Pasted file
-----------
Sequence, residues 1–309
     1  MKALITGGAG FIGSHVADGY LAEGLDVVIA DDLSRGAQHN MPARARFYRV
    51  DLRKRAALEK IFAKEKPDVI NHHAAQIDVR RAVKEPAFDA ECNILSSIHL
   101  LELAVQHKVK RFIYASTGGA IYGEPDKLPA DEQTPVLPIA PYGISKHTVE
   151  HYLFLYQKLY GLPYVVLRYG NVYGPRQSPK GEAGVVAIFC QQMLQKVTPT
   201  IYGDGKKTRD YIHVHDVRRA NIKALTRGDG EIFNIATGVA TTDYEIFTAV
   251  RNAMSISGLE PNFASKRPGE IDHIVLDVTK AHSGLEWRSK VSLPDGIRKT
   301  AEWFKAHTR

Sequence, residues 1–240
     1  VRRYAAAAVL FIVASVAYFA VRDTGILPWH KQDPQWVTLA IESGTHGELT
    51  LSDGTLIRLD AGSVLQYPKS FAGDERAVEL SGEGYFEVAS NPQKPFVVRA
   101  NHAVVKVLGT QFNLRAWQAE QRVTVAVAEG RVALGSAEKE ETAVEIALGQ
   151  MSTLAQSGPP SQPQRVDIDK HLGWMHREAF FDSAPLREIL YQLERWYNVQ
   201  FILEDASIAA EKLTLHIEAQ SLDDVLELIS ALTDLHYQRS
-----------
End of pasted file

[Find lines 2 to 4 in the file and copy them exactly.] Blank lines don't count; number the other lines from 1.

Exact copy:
     1  MKALITGGAG FIGSHVADGY LAEGLDVVIA DDLSRGAQHN MPARARFYRV
    51  DLRKRAALEK IFAKEKPDVI NHHAAQIDVR RAVKEPAFDA ECNILSSIHL
   101  LELAVQHKVK RFIYASTGGA IYGEPDKLPA DEQTPVLPIA PYGISKHTVE